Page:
Harriet Merrill Johnson

Harriet Merrill Johnson (1886-1934) was a researcher, author, and one of the founders of the Bureau Of Education Experiments (now known as Bank Street College Of Education).

A former nurse, Johnson was the founder and first director of the bureau’s nursery school. The school opened in 1918. Staff included teachers, psychologists, and researchers. “The staff observed how children learned, and they began documenting the learning process in order to determine the environments and educational practices best suited to foster the growth and development of children. Their findings contributed to a fundamental reform in the way children were taught.”1

Johnson wrote a number of educational texts:

  • The Visiting Teacher (1916)
  • A Nursery School Experiment: Descriptive Report (1924)
  • Children in Nursery School (1928)
  • The Art of Block Building (1933)
  • School Begins at Two: A Book for Teachers and Parents (1936)

According to Jeroen Starling and Jerry Aldridge2:

Johnson has been credited as an innovator in progressive education and the development of nursery schools, the three applications of her work discussed in this summary have gone underreported. These include her trailblazing work in qualitative research methods in early education, her explanations of child development based on her observations of and interactions with young children, and her extensive research and understanding of block play.


Specifically, her contributions to child development predated Piaget’s findings. Franklin (2000) suggested, “The line traced from exploration of materials to representation parallels Piaget‟s discussion of the sensory-motor period and the evolution of representational functioning, which had not yet been published” (p. 67). Furthermore, Harriet M. Johnson is not as widely known for her studies of block play as Caroline Pratt, Jessie Stanton, or Patty Smith Hill. However, Johnson‟s research on block play continued to be reprinted and used by professional organizations such as the National Association for the Education of Young Children until the turn of the millennium (see: Johnson, 1976, 1983, 1984, 1996, 2001). Johnson should be credited for teaching early childhood educators that the “focus on blocks and block building [is] part of a more encompassing concern with providing a physical environment geared to the child‟s state of development and optimized to promote intellectual and social growth” (Franklin, 2000, p. 52).

Below, you’ll find the complete work by Starling and Aldridge if you want to take a deeper dive into the work of this amazing woman.


Have opinions and thoughts on this glossary entry? A tag suggestion? A word, phrase, website, or person we should add to the glossary? Find a typo, bad link, or miscategorized item? Share it all in the comments.

Help keep this glossary growing by becoming a patron or supporting Playvolution HQ in other ways.

Early Learning Information And Resources
Explorations Early Learning

Thanks To Our Patrons

Their support makes our work possible

Assistant Producers

Dawn Stonehocker

Shirley Rempel


Alaina Smith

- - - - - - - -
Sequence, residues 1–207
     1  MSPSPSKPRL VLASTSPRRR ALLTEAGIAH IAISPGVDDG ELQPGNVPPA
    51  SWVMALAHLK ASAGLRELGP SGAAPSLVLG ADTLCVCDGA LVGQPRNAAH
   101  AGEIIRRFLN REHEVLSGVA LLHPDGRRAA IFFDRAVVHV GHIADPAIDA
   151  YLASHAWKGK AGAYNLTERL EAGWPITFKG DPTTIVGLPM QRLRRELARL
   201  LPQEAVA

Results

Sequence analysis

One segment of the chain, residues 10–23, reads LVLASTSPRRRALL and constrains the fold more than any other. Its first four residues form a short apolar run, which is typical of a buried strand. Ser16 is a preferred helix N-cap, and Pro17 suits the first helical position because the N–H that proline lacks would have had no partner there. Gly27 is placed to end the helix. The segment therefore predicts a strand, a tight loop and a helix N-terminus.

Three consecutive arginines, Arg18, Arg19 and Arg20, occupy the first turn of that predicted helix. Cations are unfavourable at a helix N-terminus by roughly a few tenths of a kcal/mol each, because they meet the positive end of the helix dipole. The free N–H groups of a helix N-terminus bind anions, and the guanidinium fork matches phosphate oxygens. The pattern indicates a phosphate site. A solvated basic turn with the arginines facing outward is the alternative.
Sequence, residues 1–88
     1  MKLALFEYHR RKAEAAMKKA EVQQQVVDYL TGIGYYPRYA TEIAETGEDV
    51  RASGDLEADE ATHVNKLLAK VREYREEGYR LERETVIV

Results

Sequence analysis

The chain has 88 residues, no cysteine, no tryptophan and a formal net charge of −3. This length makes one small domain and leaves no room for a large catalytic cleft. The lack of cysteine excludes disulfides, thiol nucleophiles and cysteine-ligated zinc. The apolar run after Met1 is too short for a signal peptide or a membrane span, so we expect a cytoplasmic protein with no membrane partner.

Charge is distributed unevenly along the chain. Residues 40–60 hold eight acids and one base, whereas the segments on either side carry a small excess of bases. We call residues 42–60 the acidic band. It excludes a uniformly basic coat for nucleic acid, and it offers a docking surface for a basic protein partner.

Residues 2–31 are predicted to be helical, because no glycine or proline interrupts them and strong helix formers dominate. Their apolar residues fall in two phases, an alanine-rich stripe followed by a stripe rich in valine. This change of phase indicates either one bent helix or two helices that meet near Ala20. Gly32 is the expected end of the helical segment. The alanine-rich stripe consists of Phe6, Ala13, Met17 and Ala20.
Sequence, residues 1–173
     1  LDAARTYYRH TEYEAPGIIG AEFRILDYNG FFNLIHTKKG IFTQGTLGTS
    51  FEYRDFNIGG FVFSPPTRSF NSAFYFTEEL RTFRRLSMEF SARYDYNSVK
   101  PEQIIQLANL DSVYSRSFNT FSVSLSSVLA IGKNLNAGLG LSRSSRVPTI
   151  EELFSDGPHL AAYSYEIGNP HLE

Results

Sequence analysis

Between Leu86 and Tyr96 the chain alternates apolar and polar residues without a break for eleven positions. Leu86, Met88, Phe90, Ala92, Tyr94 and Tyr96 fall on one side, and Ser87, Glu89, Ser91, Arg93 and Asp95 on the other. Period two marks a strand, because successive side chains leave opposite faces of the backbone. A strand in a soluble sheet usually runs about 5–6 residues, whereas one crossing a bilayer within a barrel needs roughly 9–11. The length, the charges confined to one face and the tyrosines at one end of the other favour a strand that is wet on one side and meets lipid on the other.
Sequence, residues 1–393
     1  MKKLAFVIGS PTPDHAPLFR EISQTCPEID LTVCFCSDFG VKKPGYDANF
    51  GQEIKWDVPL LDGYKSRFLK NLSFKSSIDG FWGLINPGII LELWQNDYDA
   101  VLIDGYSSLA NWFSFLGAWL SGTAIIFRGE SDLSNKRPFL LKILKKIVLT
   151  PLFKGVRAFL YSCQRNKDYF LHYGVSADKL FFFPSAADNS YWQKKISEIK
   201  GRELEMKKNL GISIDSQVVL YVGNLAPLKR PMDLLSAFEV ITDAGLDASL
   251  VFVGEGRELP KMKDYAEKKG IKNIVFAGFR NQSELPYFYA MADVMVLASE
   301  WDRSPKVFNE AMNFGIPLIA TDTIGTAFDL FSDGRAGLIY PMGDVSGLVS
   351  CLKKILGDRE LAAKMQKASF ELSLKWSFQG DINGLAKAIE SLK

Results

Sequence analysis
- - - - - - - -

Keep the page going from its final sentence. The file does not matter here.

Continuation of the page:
Alexis Anne Williams
Ann Margulies
Annie Friday
Bethany Crave
Carly Storer
Carol Kohl
Cherie Davis
Cindy Bays
Elisabeth Amirahmadi
Elizabeth Nolasco
Hilary Peak
Karin Anne Gardner-Brown

Laura Spillman
Lizzy Babych
Margaret Alvarez
Mary DeLay Tracy
Miranda Lynn
Monica Morrell
Peggy Miller-Evenson
Sabrina’s Family Day Care
Shannon Tremblay
Sharon Lehr
Shirley Rempel
Stacia Ceryes
Stephanie Hayes

We’re reconfiguring our patron program.
New patron opportunities available soon.
Join for free and become part of the community

Supporting “Bad” Behavior

Activities like running, climbing, throwing, spilling, punching, pinching, kicking, biting, tattling, and yelling are often labeled as bad behavior and many early learning settings attempt to limit them–if not outright ban them. This session take a contrarian view, looking at these activities as learning opportunities and offers up ideas for encouraging and supporting them. It turns out these things can be done in safe ways–without hurting others–and don’t have to create friction between children and their caregivers.

Support Playvolution HQ

creating free content isn’t free

If you find our content here useful, entertaining, or interesting, consider ways you can support the site and our efforts to keep the content flowing.

For example, using our affiliate link when shopping Amazon is a great way to help-you pay the same amount and we receive a small percentage that’ll help keep the site up and running.

You can also support our work by becoming a patron via Patreon


Stay Updated

Let Them Play Poster Set

Receive regular play, professional development, and caregiver self-care updates. Plus, receive a coupon code for a free download of our Let Them Play poster set.

We don’t spam! Read our privacy policy for more info.

Playvolution HQ Founder at

I'm an early learning speaker, podcaster, content creator, author, and founder of Playvolution HQ and Explorations Early Learning.


  1. https://en.wikipedia.org/wiki/Harriet_Merrill_Johnson
  2. Staring, Jeroen & Aldridge, Jerry. (2015). From Nursing to Nursery School: The Life and Works of Harriet M. Johnson from 1900-1934. SSRN Electronic Journal. 4. 10.2139/ssrn.3399359.
Notify of

This site uses Akismet to reduce spam. Learn how your comment data is processed.

Inline Feedbacks
View all comments